Saturday, March 27, 2010

Woman Trapped

A theme that I picked up on in the reading of both Mariana and the Lady of Shallot is this concept of women being trapped by their despair over a failed love or love gone awry. This gives a keen insight into the way men of Tennyson's time saw women and their dependence on men for fulfillment and romance. I think it also suggests something about the arrogance of men in terms of nature as well. Both poems use a lot of natural imagery and I think suggest a similar kind of dependence of nature on the power and whim of man. Considering the time of empire that Tennyson writes in and his other works (Light Brigade) this kind of imperialistic impulse makes a lot of sense.

The Duke's agency revealed in the poetic structure? - "My Last Duchess"

I think the commentary that Browning is making in this poem is very interesting. I gathered that he was critiquing a man’s absolute control that he has on his wife in society. In the poem, the Duke is so obsessed with control that he killed his first wife because he could not effectively control her.

The way in which Browning portrays the Duke’s voice made me question the agency of the poem. On the surface, it seems that the Duke is controlling the conversation and that he seems very confident in his words, but there is strong sense of artificially that appears throughout the poem. As we learn more about what really happened to the Duchess, the rhythm and structure of the poem ties into the emotion of the speaker. For example, the enjambment of the lines takes the Duke’s seemingly matter-of-fact speech and makes it appear illogical. Thus, while the Duke wants to make it appear as if he is in “control” of the conversation, his overriding obsession with control actually controls him through his guilt…?

Thursday, March 25, 2010

On Reading "The Lady of Shalott"

I don't know if it was intentional or not, but despite of (and maybe because of) the intense rhyme scheme in "The Lady of Shalott," the entire work came across more as a story than a poem. Obviously poems can tell stories; that's not what I'm getting at. What I mean to say is when reading this poem, it struck me more like a Poe work rather than a Wordsworth or Keats. Perhaps it was just the emphasis on the repetition at the end of each stanza that reminded me of instances like in Poe's "The Raven" (The whole 'nevermore' bit).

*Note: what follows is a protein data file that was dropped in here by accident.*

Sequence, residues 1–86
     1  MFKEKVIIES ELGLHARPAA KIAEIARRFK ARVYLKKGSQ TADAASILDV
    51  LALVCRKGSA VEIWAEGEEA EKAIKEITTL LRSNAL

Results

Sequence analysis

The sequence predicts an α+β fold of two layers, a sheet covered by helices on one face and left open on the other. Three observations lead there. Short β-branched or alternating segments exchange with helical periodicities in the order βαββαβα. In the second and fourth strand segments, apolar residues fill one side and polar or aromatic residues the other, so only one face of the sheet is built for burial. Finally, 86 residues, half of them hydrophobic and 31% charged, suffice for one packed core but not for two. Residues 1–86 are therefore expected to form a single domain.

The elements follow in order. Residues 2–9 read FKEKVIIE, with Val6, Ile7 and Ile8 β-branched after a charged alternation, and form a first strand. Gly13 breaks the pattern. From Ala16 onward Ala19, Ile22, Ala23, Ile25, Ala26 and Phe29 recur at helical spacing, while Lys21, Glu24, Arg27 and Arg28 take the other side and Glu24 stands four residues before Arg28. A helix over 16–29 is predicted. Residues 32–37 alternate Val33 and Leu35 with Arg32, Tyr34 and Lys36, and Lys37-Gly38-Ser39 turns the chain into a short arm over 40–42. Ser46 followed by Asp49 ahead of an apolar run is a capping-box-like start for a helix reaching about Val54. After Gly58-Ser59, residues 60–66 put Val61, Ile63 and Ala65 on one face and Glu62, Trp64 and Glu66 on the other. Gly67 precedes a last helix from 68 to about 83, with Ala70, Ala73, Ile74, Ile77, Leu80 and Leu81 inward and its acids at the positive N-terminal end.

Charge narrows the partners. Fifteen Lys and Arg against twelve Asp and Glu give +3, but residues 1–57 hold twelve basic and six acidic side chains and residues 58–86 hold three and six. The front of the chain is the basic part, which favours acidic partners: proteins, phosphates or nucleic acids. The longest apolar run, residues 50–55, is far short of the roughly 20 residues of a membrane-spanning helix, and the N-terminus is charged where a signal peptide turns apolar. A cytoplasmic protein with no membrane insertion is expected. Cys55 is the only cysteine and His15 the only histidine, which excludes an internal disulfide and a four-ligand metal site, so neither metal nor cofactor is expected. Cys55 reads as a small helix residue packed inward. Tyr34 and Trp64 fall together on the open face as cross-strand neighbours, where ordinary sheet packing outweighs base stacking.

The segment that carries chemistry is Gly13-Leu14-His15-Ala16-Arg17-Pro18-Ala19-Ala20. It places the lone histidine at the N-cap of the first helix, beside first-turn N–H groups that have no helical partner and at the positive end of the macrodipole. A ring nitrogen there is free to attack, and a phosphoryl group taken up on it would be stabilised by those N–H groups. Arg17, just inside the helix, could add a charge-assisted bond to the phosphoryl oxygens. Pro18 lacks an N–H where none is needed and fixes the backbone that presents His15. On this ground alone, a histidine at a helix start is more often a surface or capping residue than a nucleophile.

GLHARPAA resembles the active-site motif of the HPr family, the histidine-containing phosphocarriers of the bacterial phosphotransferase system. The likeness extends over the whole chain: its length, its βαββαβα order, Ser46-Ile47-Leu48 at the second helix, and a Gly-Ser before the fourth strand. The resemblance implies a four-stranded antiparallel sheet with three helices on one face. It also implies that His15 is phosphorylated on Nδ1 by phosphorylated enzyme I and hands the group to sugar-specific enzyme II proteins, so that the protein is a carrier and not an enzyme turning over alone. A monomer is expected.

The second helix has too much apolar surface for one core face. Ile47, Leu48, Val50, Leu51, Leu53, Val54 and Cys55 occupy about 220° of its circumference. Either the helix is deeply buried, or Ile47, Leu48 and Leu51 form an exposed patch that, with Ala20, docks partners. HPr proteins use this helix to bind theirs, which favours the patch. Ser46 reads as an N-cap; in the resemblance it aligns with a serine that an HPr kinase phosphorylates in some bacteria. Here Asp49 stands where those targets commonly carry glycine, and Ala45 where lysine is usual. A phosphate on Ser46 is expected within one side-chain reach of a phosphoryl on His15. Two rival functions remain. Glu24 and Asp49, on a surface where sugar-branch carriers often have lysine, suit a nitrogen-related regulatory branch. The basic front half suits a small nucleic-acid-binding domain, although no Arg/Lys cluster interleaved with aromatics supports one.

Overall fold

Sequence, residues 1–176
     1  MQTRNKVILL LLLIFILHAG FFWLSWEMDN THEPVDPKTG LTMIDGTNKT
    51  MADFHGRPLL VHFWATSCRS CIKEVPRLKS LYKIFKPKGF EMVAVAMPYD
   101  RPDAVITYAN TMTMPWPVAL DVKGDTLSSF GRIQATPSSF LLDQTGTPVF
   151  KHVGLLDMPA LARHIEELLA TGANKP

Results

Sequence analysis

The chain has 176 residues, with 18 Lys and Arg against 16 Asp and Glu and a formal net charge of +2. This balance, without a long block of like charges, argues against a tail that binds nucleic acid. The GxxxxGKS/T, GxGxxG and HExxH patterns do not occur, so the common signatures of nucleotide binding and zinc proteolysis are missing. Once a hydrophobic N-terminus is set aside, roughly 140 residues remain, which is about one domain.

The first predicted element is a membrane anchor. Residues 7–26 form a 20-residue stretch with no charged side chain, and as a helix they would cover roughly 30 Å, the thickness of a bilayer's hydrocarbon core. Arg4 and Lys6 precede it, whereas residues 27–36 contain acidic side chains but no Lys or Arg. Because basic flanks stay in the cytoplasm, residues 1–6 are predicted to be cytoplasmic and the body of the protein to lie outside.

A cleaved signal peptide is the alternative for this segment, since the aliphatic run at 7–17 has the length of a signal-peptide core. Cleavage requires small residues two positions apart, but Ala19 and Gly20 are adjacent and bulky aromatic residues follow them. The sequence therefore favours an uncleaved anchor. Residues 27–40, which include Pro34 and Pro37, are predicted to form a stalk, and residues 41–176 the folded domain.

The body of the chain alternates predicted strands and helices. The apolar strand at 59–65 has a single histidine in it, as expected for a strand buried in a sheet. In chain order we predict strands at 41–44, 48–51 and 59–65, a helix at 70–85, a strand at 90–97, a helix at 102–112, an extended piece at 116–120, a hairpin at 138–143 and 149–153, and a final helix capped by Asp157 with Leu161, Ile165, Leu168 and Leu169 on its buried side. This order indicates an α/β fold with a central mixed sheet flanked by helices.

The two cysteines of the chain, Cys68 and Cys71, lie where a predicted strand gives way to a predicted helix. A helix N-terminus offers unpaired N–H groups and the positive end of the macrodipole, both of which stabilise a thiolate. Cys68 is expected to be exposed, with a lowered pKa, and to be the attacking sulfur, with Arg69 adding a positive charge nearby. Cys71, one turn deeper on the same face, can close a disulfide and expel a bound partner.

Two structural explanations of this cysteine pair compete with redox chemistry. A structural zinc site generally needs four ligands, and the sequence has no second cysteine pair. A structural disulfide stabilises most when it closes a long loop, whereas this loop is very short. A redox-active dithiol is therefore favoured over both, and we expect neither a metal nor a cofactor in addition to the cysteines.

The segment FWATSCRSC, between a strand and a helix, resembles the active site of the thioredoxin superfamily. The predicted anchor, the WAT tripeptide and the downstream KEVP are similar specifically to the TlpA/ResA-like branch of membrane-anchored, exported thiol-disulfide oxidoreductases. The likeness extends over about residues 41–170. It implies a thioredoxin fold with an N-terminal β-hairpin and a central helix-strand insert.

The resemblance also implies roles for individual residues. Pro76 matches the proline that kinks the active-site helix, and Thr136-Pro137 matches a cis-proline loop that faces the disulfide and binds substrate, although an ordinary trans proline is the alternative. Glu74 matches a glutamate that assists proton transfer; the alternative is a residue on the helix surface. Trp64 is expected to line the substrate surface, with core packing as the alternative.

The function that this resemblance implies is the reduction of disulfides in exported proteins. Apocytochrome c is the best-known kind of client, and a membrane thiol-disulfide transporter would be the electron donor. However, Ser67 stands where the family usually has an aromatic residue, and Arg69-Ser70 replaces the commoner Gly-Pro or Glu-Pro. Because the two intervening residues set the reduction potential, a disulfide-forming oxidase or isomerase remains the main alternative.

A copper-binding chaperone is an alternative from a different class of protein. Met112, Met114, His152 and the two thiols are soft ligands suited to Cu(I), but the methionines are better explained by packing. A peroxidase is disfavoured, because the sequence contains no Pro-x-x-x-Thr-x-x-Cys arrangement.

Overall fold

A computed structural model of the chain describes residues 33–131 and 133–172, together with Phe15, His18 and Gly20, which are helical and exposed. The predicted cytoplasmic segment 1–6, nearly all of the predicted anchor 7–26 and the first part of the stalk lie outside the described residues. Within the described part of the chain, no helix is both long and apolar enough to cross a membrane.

I'm not sure. For some reason, the entire thing just threw me for a loop in general. I definitely liked it, it was just... an experience, for lack of a better term.

Women and nature

In both The Lady of Shalott and Mariana I noticed Tennyson's use of nature to illustrate the condition of the central character. As Kathryn points out, the decay of the world around her reflects Mariana's passive degradation. In the third stanza, the oxen's low "without hope of changes" captures her sense of hopeless desertion.

Likewise, in The Lady of Shalott, Tennyson uses the setting to shed light on the protagonist. The entire country seems to have a sense of enchantment, from the image of the sun, the white willows, and the "stream that runneth ever. When the spell is broken, the pastoral imagery changes into stormy weather, the woods turn pale yellow, the stream strains its banks, foreshadowing the Lady's loss of control. I felt like her action had a deep sense of irrationality, since she seems to fulfill her own curse.


Thinking about the theme of this week—Romance Perverted—it is easy to think about just how “messed up” so many of these relationships are—from a girl loving a pot of basil to a serial killing beauty. The theme continues in Tennyson’s poetry, especially “Mariana.” The chief characteristic of the poem that I noticed is the way the natural world reflects Mariana’s interior life. From the very first stanza, nature is described as decaying: “rusted nails”, “weeded and worn”, etc. Mariana declares repeatedly that she wishes she was “dead”—this state would mirror the natural world around her. This wish is caused by the fact that “He cometh not” which suggests that Mariana has been forsaken by a lover or that her lover has died. It seems extreme to wish for death when one loses a lover, but this, of course, fits perfectly with perverted love. It’s interesting that we don’t even know the story about Mariana’s lost love, and it makes me want to build a back story—kind of like what Liz suggested in her post regarding “La Belle Dame Sans Merci” and we discussed in class. What is it that made her lover leave or caused her lover’s death and Mariana’s decay into absolute despair?